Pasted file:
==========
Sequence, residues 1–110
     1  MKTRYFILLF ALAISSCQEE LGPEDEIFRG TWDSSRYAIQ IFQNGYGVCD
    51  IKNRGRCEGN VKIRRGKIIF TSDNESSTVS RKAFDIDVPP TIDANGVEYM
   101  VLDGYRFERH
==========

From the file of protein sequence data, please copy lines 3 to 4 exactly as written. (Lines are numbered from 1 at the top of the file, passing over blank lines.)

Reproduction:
    51  IKNRGRCEGN VKIRRGKIIF TSDNESSTVS RKAFDIDVPP TIDANGVEYM
   101  VLDGYRFERH